Page 2 of 3 FirstFirst 1 2 3 LastLast
Results 16 to 30 of 33

Thread: Help me find a tent

  1. #16
    Has the GS-Lust The_Veg's Avatar
    Join Date
    Sep 2003
    Location
    Atlanta 'burbs
    Posts
    5,331
    I don't think this will be of any real help but I have had great results from a tent my brother got for christmas in 1981. It was from Sears and is a modified pup-style, with a vertical lower side about a foot high below the slope. This makes the floor space much more useful! It's 4.5 feet tall, about 7 long and 6.5 wide. Bright orange with no fly or vestibule, and it takes about 14 stakes but has lasted all these years through lots of abuse including a terrible tropical downpour on the Gulf coast back in '89. It hasn't seen heavy use but it is machine-washable and is holding up really wonderfully so far. And it packs into an 18-by-six-inch bag. Sure it has downsides but it has performed very well and has yet to let me down. I'm considering a newer model but like in the original question price will be a definite object as I only foresee a slight improvement in service over what I have now.
    2012 R1200GS

    "If you can't fix it with a hammer, it's electrical." -somebody's dad

  2. #17
    Miserable Mark MarkF's Avatar
    Join Date
    Mar 2003
    Location
    Connecticut
    Posts
    1,827
    Originally posted by The Veg
    I have had great results from a tent my brother got for christmas in 1981. It was from Sears and is a modified pup-style, with a vertical lower side about a foot high below the slope. This makes the floor space much more useful! It's 4.5 feet tall, about 7 long and 6.5 wide. Bright orange with no fly or vestibule.
    I used to see a lot of these tents at Boy Scout events. Like anything, continuous use by kids will destroy tents before their time. I don't see many now. Perhaps it is no longer available or perhaps the big tents companies, like Eureka and REI, have become very competetively priced. But I'm with you on my appreciation for the A-frame or "pup" tent and those mini walled tents were the best of A-frames. I keep plugging the Timberline just because of it's great external frame. A one of a kind!

    Ironically, I just inherited another dome tent which might be my next rally tent. It's smaller than my current dome and larger than my bivy. It is a "like-new" Walmart tent with a floor made out of that woven plastic tarp material. Not light or small but it sure looks dry. We'll see come spring time!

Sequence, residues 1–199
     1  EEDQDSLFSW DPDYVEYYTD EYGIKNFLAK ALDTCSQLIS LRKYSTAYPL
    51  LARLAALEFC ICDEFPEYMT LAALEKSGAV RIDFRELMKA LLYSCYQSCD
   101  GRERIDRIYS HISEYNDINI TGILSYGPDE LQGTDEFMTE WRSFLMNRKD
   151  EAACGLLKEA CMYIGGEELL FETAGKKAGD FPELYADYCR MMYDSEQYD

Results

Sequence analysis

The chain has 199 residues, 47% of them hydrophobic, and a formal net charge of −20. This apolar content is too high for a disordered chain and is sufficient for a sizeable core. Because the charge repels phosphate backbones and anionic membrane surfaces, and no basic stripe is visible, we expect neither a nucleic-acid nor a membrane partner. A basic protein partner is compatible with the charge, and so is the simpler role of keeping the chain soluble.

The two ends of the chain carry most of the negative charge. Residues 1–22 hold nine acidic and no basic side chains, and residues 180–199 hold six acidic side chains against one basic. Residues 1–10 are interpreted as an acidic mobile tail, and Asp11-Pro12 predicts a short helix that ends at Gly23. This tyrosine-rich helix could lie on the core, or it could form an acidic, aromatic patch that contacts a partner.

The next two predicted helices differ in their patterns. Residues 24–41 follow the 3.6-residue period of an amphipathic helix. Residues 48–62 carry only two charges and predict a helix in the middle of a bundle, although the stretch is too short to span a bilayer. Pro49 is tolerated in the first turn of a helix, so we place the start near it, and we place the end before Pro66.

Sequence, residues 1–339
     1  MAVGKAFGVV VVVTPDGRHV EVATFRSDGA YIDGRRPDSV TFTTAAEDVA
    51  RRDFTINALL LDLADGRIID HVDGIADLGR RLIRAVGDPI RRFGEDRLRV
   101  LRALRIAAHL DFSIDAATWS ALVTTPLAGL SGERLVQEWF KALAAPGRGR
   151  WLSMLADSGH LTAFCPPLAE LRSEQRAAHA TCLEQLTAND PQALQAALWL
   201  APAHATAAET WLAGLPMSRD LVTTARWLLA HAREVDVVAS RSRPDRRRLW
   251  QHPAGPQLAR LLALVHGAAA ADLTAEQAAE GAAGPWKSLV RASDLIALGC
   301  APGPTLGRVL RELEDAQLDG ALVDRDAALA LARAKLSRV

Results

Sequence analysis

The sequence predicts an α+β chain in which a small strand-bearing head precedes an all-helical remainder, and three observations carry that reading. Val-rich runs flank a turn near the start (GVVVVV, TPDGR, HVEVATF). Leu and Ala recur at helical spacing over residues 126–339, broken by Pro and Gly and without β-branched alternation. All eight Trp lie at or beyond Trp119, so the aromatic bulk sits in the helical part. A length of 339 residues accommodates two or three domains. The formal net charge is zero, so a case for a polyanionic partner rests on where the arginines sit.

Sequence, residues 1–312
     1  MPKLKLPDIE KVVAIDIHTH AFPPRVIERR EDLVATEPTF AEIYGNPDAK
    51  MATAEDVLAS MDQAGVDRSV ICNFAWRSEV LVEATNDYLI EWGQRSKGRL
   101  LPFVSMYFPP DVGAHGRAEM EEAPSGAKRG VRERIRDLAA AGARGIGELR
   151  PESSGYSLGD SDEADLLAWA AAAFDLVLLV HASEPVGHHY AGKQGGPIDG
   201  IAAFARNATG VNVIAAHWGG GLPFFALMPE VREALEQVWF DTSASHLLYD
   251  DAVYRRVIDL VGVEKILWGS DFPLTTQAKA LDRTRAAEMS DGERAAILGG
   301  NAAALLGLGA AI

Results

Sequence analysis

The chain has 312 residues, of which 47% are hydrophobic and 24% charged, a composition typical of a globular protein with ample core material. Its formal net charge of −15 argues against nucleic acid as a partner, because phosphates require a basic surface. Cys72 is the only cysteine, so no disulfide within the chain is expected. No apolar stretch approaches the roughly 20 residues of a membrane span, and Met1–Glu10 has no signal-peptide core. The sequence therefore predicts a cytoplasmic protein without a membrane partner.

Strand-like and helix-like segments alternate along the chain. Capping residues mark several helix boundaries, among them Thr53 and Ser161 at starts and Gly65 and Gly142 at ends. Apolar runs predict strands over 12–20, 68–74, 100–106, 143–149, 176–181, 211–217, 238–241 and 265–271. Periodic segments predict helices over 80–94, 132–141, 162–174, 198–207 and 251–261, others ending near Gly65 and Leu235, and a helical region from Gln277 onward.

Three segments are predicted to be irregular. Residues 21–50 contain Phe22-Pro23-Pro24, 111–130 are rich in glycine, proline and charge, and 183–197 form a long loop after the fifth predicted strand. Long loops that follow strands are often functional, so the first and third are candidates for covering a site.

MarkF
    Last edited by MarkF; 02-14-2004 at 01:39 PM.

  3. #18
    Registered User
    Join Date
    Feb 2004
    Location
    Salt Lake City
    Posts
    4
    One more plug for the Eureka Timberline. I have a couple tents. One of them is the Timberline that my father and I used as we m/c camped across country (see Robert Pirsig's book) in 1980
    (!). It is still in good shape and nearly 25 years later I still use it (with liberal waterproofing, of course). Great utilitarian tent!

  4. #19
    Registered User
    Join Date
    Mar 2003
    Posts
    70
    Originally posted by The Veg
    results from a tent my brother got for christmas in 1981. It was from Sears and is a modified pup-style, with a vertical lower side about a foot high below the slope. This makes the floor space much more useful! It's 4.5 feet tall, about 7 long and 6.5 wide. Bright orange with no fly or vestibule, and it takes about 14 stakes but has lasted all these years through lots of abuse including a terrible tropical downpour on the Gulf coast back in '89.
    I had one just like this one too.....may still be in the attic. Mine had a rain fly....might just as well not have as it didn't really do a good job. But the tent still got a lot of use for many years. I got mine in 1975 when my wife and I took a trip from Oklahoma to Yellowstone Park. Not on a bike....Triumph TR6 convertible. We camped for 2 or 3 nights and then stayed in a motel one night. We were gone for 2 weeks and had a ball.

  5. #20
    Registered User rapz's Avatar
    Join Date
    Nov 2003
    Location
    Mission, TX
    Posts
    190

    Tents

    I had a Kelty Yellowstone, but the poles snapped in the Big Bend high winds so I got a Sierra Comet w/DAC Featherlite poles which are lighter and stronger than the standard poles and can handle unexpected high winds.
    Website: www.airheadmoto.com
    IBA No. 58411
    Current Bike 1979 BMW 100RT; 2013 BMW R1200RT 90th Anniversary Edition; 2008 Harley Davidson Ultra Classic 105th Anniversary Edition

  6. #21
    Pie,Coffee,Gas,Blacktop gcsitts's Avatar
    Join Date
    Dec 2003
    Location
    Oakhurst, California
    Posts
    45
    I bought a new Mountain Hardware three person tent in December. I set it up in the yard a couple of weeks ago and have slept in it several nights, including one night of strong winds, another of 3" of snow and another where it rained heavily and then froze in the early morning. It got down to about 28 degrees.

    Other than double-stakeing it (the ground is wet and soft) and using a ground cloth under it, it was a normal set-up. I was surprised that it held up for a week through all that, staying dry and not leaking or buckling under the snow load.

    It did collapse down some under the snow, but a shake from the inside pushed the snow off and it sprang back.

    Watching it lean and give when the wind blew I came to appreciate the advantage of its flexible aluminum poles.

    I hear concerns with the fibreglass poles breaking. I presume aluminum poles could kink, but could be straightened.

    This "three man" tent is just about right for me when I am solo. But I want to find a larger tent for trips where two of us ride. (2 bikes) and stay a few days... like Spokane.